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When Life Throws You a Curveball at Lightning Speed

Updated: Oct 19, 2021

An adult stands on a bridge in front of a forest. She looks to her left towards the trees.
In times of change, it can be challenging to see the forest for the trees

While it would be great if change was gradual and life gave you more time to get used to it, change typically works much faster and in unexpected ways, leaving you to figure out how to adapt and cope with it ASAP. Suddenly - life looks much different than what you expected.

For example, maybe you are:

  • in a brand new job or experiencing major change at work that affects how or where you do your job;

  • going through a break-up or other monumental life transition and things have changed super fast, like your living situation or long-term career plans;

  • a teacher or university student settled into in-person classes for the year when, suddenly, the pandemic changes everything to virtual for who knows how long; or

  • receiving recent news about your health or experiencing a natural physical change, and things feel like they’re happening all at once and are completely out of your control.

So how can you find balance when it feels like life is trying to knock you over?

To help people feel grounded when they come in feeling overwhelmed, we share easy strategies they can start practicing right away. Here are some you can try when feeling overloaded by swift changes:

Soothe your senses – before trying to understand what activated the intense emotion or anxiety you’re experiencing, focus on slowing the stress response in your body by using self-soothing techniques:

  • See – take in and focus on pleasant, calming visuals: trees blowing gently in the breeze, a walk through a park with beautiful gardens, or a trip to your favourite store to window-shop.

  • Hear – listen to soothing or upbeat music, pay attention to the sounds around you (birds, people laughing or kids playing, leaves rustling), or hum a favourite tune.

  • Smell – burn incense or a scented candle, open the windows for fresh air, or breathe in the smell of coffee or your favourite kind of tea. Even the scent of hand soap or lotion can help in a pinch.

  • Taste – eat your favourite soul food or snack, drink a soothing beverage (a hot herbal tea, hot chocolate or an icy cold water or juice), pay close attention to a food in the moment right as you’re eating it - really taste and experience all the flavours.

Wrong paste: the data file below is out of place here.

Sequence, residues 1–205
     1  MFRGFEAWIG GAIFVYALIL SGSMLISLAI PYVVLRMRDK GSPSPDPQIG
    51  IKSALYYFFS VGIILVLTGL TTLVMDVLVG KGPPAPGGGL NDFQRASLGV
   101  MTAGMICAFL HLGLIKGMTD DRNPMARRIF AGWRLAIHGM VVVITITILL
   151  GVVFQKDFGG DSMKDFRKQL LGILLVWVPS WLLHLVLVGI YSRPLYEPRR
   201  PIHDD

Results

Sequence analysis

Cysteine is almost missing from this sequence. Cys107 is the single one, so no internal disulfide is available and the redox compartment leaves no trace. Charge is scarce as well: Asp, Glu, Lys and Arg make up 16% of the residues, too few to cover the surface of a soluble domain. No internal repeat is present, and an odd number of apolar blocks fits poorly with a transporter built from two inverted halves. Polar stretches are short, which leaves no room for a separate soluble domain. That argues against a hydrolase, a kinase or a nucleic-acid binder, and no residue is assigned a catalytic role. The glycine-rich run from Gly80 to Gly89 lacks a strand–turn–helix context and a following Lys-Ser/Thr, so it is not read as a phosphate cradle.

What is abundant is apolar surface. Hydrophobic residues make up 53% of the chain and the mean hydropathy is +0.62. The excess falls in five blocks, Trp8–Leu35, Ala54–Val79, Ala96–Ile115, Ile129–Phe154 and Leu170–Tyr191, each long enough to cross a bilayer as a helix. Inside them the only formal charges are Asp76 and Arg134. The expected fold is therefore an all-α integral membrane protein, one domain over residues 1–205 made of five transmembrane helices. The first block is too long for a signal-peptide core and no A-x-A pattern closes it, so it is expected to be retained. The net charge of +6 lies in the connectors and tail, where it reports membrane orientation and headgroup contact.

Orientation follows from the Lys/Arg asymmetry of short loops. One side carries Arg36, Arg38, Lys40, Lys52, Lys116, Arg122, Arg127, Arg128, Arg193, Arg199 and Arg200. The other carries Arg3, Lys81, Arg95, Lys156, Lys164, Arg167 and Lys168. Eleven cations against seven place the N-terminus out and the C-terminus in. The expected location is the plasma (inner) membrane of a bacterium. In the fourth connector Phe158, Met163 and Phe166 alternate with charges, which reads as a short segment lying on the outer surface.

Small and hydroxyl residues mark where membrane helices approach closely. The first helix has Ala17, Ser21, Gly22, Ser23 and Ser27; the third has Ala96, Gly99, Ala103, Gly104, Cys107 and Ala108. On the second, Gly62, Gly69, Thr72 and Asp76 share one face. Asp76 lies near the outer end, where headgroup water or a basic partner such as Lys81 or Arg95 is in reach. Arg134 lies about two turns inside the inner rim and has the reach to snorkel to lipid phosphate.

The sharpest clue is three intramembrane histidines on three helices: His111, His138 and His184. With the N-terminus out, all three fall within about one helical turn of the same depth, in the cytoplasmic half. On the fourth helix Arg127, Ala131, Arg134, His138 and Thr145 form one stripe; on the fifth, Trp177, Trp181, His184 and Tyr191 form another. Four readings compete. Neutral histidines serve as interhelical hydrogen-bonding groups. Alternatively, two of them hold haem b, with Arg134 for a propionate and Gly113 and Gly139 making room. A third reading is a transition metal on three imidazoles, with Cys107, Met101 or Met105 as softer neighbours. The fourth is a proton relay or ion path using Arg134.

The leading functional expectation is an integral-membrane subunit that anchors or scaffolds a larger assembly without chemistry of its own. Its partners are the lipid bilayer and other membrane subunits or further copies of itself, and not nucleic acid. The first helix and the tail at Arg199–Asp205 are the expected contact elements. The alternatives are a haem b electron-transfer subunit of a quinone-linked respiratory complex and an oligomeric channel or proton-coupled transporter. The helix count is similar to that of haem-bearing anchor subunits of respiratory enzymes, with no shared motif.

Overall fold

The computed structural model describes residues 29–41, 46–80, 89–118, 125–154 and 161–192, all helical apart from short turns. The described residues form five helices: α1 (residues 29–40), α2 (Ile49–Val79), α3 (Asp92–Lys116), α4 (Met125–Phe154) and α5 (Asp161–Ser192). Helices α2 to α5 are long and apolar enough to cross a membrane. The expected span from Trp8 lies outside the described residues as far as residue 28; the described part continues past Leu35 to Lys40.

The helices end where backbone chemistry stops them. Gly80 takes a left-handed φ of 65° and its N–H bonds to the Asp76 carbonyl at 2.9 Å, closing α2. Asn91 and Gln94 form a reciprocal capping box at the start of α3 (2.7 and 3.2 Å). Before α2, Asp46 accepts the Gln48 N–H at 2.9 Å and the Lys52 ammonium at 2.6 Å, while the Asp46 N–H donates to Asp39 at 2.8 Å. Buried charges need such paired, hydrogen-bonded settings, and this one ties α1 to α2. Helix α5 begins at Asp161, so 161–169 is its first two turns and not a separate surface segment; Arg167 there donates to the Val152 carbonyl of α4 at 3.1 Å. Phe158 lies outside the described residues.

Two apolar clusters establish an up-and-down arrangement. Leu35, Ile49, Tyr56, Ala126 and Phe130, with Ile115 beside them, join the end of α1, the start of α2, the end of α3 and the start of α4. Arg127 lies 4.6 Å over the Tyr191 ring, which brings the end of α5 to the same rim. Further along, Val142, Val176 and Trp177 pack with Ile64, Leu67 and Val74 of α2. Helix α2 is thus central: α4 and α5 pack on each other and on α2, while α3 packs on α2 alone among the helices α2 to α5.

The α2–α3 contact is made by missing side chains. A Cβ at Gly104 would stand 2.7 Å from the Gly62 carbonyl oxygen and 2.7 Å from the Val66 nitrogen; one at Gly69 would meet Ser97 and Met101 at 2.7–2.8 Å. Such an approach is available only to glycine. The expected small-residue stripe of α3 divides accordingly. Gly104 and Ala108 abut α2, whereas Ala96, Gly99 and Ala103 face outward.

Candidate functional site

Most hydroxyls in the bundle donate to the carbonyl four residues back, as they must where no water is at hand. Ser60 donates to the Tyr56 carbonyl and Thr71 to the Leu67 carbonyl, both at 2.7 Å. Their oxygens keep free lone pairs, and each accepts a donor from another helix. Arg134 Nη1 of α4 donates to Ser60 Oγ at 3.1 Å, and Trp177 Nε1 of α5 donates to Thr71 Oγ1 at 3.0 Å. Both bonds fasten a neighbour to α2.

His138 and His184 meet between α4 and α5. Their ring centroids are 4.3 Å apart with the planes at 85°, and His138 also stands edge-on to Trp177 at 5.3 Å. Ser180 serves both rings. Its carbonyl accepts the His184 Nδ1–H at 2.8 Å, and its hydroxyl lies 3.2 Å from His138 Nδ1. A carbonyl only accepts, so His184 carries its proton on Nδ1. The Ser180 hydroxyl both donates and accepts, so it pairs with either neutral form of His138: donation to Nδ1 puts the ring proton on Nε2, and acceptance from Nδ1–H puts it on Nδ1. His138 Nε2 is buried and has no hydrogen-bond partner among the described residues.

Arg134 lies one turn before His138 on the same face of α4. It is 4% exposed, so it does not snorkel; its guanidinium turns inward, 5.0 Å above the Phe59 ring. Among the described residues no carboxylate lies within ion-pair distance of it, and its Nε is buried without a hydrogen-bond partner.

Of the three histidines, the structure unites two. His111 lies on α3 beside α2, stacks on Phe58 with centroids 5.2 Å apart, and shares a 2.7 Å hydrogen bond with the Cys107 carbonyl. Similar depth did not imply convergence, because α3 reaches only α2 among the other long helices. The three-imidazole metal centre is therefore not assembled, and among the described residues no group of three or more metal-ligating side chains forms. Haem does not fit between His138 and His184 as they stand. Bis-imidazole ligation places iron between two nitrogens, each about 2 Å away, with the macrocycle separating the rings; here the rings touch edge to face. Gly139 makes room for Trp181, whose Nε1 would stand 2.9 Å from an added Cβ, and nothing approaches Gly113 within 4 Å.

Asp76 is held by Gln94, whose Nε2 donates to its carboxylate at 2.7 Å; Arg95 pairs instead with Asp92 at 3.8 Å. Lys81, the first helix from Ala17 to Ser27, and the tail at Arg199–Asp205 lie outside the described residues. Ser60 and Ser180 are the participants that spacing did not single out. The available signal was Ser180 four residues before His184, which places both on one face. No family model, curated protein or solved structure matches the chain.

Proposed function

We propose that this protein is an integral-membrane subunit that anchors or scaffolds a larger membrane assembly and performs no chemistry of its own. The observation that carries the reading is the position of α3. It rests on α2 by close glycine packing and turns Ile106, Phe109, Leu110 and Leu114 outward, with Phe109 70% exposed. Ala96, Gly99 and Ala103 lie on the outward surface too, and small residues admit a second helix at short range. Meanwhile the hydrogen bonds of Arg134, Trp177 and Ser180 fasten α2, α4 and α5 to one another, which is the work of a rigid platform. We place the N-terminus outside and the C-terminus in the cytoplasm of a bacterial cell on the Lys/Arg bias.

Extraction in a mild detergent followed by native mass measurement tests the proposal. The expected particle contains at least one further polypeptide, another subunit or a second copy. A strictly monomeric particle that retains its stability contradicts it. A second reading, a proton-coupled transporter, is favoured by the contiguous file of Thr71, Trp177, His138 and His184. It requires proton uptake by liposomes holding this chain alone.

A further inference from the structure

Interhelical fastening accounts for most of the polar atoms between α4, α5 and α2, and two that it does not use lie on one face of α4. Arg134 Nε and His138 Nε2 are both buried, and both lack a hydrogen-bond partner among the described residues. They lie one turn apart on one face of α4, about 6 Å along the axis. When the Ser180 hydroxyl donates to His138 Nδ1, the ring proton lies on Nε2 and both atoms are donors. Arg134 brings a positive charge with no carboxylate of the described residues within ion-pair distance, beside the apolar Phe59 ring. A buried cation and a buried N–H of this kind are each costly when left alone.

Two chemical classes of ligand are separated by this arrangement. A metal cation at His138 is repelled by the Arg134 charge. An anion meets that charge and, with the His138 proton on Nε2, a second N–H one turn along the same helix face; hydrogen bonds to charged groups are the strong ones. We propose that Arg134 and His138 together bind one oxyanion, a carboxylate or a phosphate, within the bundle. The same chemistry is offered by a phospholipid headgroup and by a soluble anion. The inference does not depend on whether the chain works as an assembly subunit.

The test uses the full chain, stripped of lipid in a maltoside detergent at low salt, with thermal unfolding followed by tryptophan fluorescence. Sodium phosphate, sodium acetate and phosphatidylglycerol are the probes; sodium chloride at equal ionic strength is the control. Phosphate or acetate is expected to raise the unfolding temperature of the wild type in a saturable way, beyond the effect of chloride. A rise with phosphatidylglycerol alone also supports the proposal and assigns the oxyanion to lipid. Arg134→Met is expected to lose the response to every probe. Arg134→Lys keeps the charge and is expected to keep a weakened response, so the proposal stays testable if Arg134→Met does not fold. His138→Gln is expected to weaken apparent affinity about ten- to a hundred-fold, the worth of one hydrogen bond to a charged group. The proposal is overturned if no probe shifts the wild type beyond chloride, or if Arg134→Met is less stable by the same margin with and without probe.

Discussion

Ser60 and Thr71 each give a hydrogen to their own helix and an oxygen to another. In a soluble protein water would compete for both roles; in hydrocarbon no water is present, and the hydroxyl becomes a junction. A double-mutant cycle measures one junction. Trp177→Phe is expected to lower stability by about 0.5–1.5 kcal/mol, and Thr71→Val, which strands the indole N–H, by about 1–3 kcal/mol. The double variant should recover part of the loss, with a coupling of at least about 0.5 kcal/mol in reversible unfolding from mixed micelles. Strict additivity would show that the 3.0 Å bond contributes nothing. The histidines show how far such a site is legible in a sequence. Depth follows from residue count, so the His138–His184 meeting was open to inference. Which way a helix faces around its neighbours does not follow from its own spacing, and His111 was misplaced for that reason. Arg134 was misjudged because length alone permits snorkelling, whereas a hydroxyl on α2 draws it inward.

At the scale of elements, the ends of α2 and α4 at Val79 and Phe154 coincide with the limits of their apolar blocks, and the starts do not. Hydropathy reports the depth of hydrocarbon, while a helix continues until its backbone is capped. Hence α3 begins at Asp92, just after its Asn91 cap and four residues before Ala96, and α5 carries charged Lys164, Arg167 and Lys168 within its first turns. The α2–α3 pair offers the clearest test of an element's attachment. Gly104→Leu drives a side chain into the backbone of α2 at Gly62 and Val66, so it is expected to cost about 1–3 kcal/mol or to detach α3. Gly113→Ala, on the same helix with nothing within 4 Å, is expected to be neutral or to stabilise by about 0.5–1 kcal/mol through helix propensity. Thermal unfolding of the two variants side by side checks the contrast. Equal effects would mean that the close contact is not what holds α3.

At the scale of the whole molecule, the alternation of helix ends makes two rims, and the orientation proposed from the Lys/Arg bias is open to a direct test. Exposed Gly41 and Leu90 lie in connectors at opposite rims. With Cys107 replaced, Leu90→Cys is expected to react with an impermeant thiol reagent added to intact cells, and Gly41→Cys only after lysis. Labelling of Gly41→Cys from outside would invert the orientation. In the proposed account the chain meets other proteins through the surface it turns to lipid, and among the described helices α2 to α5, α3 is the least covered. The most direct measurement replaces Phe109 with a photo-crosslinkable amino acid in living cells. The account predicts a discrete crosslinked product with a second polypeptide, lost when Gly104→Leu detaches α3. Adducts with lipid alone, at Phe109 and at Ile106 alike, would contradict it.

• Touch – take a long bath or shower, cuddle your pet, put a cold compress on your forehead, run your hands over a fuzzy blanket or clean towel, or even sink into a comfortable chair or bed.

Practice radical acceptance – fully accepting the reality of something even though it really sucks. The alternative — rejecting reality by negotiating in your head about “what if it were different” — truly leads to more suffering, unhappiness, bitterness, and anger, all on top of the fact that it still truly sucks. Radical acceptance isn’t here to make you like the change; it’s here to get you to a place where the change no longer adds more stress and suffering to what is already happening or about to happen.

  • Start by noticing the issue you’re fighting against, like swimming against a strong current. Then flow downstream with the current – notice the thoughts that flow downstream (I can learn how to do this), rather than against it (I hate it! I want it to go away). As you try to flow with the current, find one or two thoughts that feel good given what’s going on and lean into those while letting all the others pass by.

  • Remind yourself that the unpleasant reality cannot be changed but there are reasons behind why it’s happening. Acknowledge the history and the intentions behind the change and try to find acceptance there.

  • Be creative in finding ways to use your whole self to accept new reality. Perhaps it’s through gentle self-talk, relaxation, mindful breathing, peaceful imagery or going to a calm, happy place to process which will help bring you to acceptance.

  • Practice opposition – list all that you’d do if you did accept the facts, then act as if you’ve already accepted them. Engage in those behaviours; imagine believing in the new reality and rehearse in your mind what you’ll do with this new change once it’s fully implemented in your life.

  • As you think about acceptance, attend to any body sensations that arise and notice the emotions that come up such as grief, disappointment, sadness or anxiety. Let them in and then let them be. Nurture your body as you would soothe a young child out of a meltdown.

Prioritize self-care – add or remove activities in your routine to make space and energy for the new change in your life. Maybe it’s adding movement (e.g., yoga, a short walk or gentle stretching) to your day, finding more ways to improve your overall sleep, or declining some not-so-necessary social commitments.

Practice gratitude for the anchors – while you’re finding ways and space to accept the change and adapt, spend time reflecting on what is already constant in your life. It could be anything steadily present, like gratitude for a close friendship, a warm and cozy bed, your favourite food or hobby, your beloved pet or your own home.

The goal is to find what works for you.

If life is throwing you curveballs right out of left field, consider the above your own catcher’s mitt, right there to firmly catch and support your next move. Whether one or a combination of these approaches work for you and the uniqueness of your situation, they’ll provide you with what you really need: the energy and space to accept, to regroup and to face the new changes you’re up against.

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